Unless you spent your childhood with actuarial tables as a best friend, you probably don't like the word "audit." It conjures notions of paperwork and checklists and deadlines, and just a general swirl of annoying action items. What's even worse, is that it suggests the idea that someone suspects you did something wrong, and they're going to watch over you until you can prove you can do it right. It's like an adult version of after-school detention.
For companies that operate in the cloud, audits are used to ensure that companies adhere to rules and commonly accepted best practices. We use cloud security compliance standards to define what these practices are, how enterprises can function with them, and how they can provide a roadmap for better business operations. Standards like NIST 800-53 and NIST 800-171 are required for organizations to do business with the federal government. HIPAA sets the framework for working with privileged and personal health data, and PCI compliance is demanded for organizations doing digital payments. Comply and you can operate at the pleasure of standards organizations. Be out of compliance and your "license" to operate is revoked.
Ideally, an enterprise complies with the requirements of the standards they need/want to adhere to, and then their business functions more securely, more efficiently, and the governing bodies give their everlasting blessing. It would be nice if it were that simple, but that's never how compliance works. New servers are inserted into the IT environment, application updates are deployed, unrelated specs are mandated on top of other specs. With each change to your cloud and its component pieces, your enterprise risks missing something that will likely take it out of compliance. There are hundreds of lines of controls in the NIST 800-53 compliance spreadsheet, and each of those controls has a set of corresponding instructions. If just one of those conditions is not met properly, you're unfortunately out of compliance.
This is clearly a lot to manage, especially when your business needs to remain compliant in the midst of constant business and technology change. To add to your burden, you have to deal with audits that check to see if you’re compliant now, if your processes are optimized to meet compliance standards, and if you've been out of compliance and what, if any, repercussions might have come from that. I've met many auditors, and while generally a pleasant group, they can strike fear into an organization that doesn't fully know what's going on in their cloud infrastructure.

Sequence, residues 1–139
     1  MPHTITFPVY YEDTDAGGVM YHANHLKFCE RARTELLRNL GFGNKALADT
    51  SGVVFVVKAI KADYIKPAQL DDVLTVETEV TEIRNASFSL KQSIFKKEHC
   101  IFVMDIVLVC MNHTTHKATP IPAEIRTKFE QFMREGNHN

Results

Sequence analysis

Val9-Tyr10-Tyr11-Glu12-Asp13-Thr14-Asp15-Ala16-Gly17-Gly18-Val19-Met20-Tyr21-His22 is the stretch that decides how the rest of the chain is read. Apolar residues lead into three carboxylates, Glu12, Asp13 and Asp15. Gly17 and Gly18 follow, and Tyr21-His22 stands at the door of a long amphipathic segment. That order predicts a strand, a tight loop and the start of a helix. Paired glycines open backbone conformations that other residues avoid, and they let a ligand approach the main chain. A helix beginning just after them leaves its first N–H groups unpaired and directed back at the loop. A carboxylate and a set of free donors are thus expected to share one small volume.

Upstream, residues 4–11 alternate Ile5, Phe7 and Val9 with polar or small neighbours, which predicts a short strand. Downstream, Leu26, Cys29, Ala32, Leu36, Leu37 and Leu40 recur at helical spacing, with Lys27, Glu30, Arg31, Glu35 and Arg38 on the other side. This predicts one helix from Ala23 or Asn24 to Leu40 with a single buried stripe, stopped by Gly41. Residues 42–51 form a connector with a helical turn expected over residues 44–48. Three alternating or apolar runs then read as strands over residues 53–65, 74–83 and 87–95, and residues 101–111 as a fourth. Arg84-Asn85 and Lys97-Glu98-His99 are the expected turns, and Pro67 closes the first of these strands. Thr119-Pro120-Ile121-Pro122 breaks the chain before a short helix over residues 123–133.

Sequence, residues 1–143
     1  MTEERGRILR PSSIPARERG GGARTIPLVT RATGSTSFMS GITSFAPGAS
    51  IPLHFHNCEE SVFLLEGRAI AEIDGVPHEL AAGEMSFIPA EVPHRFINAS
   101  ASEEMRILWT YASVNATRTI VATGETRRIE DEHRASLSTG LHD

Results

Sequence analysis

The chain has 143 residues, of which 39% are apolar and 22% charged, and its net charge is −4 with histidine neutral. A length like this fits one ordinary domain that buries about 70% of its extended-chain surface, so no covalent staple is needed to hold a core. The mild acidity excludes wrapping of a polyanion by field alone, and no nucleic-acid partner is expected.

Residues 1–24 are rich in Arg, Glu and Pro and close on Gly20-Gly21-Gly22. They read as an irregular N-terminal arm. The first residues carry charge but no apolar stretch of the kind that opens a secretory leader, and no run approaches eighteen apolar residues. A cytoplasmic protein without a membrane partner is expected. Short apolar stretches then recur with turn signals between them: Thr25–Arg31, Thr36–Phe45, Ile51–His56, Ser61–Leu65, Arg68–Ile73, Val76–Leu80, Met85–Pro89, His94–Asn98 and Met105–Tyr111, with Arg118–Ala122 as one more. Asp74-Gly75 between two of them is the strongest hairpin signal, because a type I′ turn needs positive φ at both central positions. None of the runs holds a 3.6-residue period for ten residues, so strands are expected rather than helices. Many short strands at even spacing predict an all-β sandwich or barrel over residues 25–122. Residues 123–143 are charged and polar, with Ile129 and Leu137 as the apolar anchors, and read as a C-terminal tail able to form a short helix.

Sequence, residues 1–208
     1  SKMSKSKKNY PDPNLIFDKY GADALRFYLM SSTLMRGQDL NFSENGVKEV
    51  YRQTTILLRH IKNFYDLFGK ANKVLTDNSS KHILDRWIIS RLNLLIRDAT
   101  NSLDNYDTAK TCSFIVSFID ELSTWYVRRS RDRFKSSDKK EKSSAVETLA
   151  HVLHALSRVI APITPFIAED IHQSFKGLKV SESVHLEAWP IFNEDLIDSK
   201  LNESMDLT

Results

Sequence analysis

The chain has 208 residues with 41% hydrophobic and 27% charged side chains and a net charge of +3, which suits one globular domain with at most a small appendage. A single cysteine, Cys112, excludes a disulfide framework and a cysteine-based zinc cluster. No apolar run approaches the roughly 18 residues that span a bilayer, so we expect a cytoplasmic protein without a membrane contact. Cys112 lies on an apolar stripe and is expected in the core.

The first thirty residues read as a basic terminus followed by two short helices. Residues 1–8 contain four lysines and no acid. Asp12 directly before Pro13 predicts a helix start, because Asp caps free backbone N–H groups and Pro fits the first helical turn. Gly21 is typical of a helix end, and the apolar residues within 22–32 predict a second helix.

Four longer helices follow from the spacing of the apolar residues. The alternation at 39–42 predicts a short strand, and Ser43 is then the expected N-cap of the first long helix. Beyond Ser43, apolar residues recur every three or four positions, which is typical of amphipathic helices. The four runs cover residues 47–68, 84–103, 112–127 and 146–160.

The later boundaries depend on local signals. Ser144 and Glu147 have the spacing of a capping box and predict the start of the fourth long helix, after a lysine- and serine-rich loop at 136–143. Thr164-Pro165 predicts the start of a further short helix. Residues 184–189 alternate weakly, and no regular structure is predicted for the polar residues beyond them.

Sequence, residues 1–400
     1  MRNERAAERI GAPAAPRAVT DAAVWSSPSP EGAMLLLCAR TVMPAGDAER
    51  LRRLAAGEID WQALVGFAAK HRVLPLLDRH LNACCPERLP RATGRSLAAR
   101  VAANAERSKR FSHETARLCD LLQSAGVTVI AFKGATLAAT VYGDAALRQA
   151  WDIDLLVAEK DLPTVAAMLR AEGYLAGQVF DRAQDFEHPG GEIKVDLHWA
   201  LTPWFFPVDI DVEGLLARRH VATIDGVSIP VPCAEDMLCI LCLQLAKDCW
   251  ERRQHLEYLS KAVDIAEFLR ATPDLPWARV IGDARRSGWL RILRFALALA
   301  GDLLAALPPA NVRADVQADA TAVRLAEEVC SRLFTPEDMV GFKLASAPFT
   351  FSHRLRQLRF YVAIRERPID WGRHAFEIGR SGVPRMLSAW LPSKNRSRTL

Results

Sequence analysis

When audited, you will be required to furnish comprehensive reports that detail your compliance and security adherence. Ultimately, the auditor is acting in the interests of the data and the owners of that data. They want to see if that data, or the assets that touch it, have been compromised. There are a lot of records you’ll have to compile and analyze in order to deliver what the auditors request. A Plan of Action and Milestone Template (POAM) will be created which will guide you, under the direction of the auditors, back to a state of compliance.
The idea of manually maintaining a compliant state for your cloud, and being able to keep detailed reports of it over time is a massive undertaking. Beyond just the sheer amount of work it would take to constantly check all the layers of your cloud stack and compare them with compliance controls, there's also the opportunity cost. Managing compliance distracts a highly skilled part of your IT team from performing more business-critical functions.
Two things need to happen if you truly want to be in control of compliance management and be prepared for audits:
- You need a tool that can continuously monitor the entirety of your cloud environment;
- You need to automate compliance assessment to determine where there might be failures and risks.
Some solutions will deploy agents within your infrastructure - avoid that because it will just give you more to manage. An agent-less, cloud-native solution will work continuously on your behalf and according to the requirements of compliance standards when your data is in AWS, Azure, or any public cloud. You can then use your time more effectively in creating remediation processes that can also be triggered with a cloud-based monitoring and risk assessment solution.
Audits are necessary and actually help you improve your brand value. When validated to operate under specific standards, they open new business potential for your enterprise and increases your potential audience. The actual work of being audited, however, is a pain in the neck unless you've used a cloud monitoring solution that helps you avoid compliance issues and track all your compliance and security activity. When you've done that, your audits still won't be fun, but they'll be a lot less painless and your organization will avoid unnecessary interruption.